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By Genevieve Douglas
Feb. 17 — Effective onboarding processes and procedures are paramount for employers, because the first impression an organization gives to a new employee could have a lasting effect on that individual's engagement, according to human resources consultants.
People approach new employment with a “high degree of trepidation,” human capital management consultant Kevin Sheridan told attendees of a webinar hosted by the Society for Human Resource Management Feb. 16. “These new employees are looking for validation that they made the right call on the first day of work,” he said.
According to Sheridan of Kevin Sheridan LLC, one in 25 employees quits on their first day of work, so it's important for employers to avoid the common missteps that can lead to new hires being a part of that statistic. Mistakes managers make on an employee's first day, he said, include:
“Onboarding is the process of transforming a new hire into a fully functioning, integrated member of the team,” so starting off on the right foot with the new employee will lead to a more productive, engaged worker, Sheridan said.
Increasingly, organizations are recognizing that the younger generations entering the workforce particularly value a compelling business and social proposition for employment, Rick Lash, national practice leader for consulting firm Korn Ferry Hay Group, told Bloomberg BNA Feb. 17. In terms of onboarding, the process should include this communication of corporate culture and purpose as the first introduction to the company, he recommended.
Connecting new hires with corporate leadership goes a long way to show that culture and purpose to new employees, Lash said. “Some organizations just show you to your desk and that's it,” he said, and those employees left without social introductions to their co-workers and managers can “feel lost for the first several months.”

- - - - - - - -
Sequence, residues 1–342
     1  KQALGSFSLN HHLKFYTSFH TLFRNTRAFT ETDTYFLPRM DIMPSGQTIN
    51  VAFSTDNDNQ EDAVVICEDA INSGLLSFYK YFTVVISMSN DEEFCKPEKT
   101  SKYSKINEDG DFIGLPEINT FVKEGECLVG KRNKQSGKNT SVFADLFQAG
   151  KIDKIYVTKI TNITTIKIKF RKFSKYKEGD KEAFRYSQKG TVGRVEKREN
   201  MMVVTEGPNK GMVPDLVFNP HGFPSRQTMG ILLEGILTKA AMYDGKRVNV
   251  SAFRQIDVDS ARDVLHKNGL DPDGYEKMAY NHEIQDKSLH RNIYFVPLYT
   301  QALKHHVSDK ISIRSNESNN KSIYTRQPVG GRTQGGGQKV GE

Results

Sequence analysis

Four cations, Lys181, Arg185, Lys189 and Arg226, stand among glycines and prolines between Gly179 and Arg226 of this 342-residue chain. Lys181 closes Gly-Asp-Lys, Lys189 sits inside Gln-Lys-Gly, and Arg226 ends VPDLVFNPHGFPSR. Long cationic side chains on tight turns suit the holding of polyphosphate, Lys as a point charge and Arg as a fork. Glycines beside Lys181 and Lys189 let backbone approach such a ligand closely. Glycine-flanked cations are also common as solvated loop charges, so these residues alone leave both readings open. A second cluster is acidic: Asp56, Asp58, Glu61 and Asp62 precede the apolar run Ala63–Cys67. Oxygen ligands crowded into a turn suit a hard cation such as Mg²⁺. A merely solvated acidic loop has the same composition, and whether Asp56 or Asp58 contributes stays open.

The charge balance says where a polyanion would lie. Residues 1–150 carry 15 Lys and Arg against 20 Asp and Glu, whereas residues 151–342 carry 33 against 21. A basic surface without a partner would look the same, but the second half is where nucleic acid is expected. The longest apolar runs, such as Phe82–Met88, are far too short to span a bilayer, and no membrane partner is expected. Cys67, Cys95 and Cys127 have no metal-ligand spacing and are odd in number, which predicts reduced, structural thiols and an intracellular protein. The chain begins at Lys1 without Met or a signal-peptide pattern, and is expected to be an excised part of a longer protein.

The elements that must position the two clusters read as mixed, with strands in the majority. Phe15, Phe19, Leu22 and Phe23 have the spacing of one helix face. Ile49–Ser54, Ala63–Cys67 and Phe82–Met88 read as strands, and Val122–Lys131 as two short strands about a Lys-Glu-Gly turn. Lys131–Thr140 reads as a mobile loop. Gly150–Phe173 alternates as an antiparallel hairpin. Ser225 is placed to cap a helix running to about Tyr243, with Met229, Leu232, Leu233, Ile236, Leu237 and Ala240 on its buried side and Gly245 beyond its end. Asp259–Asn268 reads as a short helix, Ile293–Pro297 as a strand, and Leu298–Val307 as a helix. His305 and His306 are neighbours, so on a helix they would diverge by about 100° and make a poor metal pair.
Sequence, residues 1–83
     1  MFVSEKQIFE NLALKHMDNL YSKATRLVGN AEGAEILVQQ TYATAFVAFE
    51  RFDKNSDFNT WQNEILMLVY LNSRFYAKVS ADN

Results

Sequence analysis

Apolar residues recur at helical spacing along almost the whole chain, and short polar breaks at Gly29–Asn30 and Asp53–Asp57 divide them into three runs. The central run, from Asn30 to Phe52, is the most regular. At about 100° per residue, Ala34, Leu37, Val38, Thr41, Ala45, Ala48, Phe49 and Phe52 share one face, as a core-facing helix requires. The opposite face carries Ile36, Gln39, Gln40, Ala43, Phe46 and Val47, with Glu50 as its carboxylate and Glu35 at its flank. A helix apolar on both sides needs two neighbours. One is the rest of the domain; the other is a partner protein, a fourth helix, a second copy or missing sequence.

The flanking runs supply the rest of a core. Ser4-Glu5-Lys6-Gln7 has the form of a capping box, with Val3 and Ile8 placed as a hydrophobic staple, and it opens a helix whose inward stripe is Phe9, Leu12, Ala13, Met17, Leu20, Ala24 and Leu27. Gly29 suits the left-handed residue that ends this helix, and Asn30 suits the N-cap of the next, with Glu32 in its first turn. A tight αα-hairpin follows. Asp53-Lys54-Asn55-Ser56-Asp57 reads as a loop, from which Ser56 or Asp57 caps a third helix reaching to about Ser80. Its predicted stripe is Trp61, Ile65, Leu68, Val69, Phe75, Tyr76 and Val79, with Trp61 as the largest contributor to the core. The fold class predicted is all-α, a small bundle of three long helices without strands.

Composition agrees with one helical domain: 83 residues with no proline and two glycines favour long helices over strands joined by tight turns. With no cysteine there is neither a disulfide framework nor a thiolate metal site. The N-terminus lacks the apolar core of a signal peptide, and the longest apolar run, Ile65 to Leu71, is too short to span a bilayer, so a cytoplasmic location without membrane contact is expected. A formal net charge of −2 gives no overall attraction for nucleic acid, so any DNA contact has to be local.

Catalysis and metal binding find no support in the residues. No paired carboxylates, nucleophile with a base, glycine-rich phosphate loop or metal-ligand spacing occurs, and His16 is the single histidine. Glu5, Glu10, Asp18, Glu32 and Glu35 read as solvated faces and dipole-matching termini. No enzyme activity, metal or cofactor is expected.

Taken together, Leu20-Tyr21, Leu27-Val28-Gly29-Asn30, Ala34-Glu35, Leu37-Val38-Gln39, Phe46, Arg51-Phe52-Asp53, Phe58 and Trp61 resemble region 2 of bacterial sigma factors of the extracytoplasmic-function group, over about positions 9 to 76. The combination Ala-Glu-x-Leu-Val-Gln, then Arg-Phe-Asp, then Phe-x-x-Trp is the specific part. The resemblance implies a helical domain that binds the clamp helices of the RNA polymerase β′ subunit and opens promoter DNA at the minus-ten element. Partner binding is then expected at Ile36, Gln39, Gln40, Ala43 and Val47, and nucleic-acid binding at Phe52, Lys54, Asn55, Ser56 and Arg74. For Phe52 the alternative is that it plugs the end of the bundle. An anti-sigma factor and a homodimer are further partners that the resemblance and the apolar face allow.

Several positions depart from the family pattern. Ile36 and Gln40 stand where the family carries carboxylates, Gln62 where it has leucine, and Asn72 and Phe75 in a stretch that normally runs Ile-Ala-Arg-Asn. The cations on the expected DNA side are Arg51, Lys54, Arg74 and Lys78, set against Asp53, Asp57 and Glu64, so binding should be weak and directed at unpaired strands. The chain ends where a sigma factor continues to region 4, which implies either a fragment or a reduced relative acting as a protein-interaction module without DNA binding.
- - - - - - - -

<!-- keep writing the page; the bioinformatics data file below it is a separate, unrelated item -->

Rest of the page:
If an employee can get through the first 90 days of a new job, he or she often stays for a long time, Danny Nelms, president of the Work Institute, told Bloomberg BNA Feb. 17. According to Nelms, many employers don't focus on the necessary importance of the onboarding period, and “it kind of gets overlooked.”
That can immediately turn a new hire off, he said. “So often people feel like they show up for the first day and it's as if the employer didn't know they were coming,” Nelms said. “That first day is so critical.”
To help ensure a high level of engagement, the candidate needs to be the right hire for the right job, Sheridan said. Recruiters and HR should evaluate a candidate's predisposition to be engaged during the interview process, and interview for attitude and cultural fit over technical skills, he said.
Additionally, managers can proactively solicit feedback from new hires on the first day of work and at the end of the first week, Sheridan said. After the initial hiring period has ended, performance reviews also offer an opportunity to address engagement with employees, he added.
It's “crucially important” that there are continuous feedback loops from employees, Nelms said. Employers should ask whether the employee felt comfortable on the first day and whether the organization was prepared, he said, adding that these are the things that may need to be fixed, and this is what gets missed most often.
To contact the reporter on this story: Genevieve Douglas in Washington at firstname.lastname@example.org
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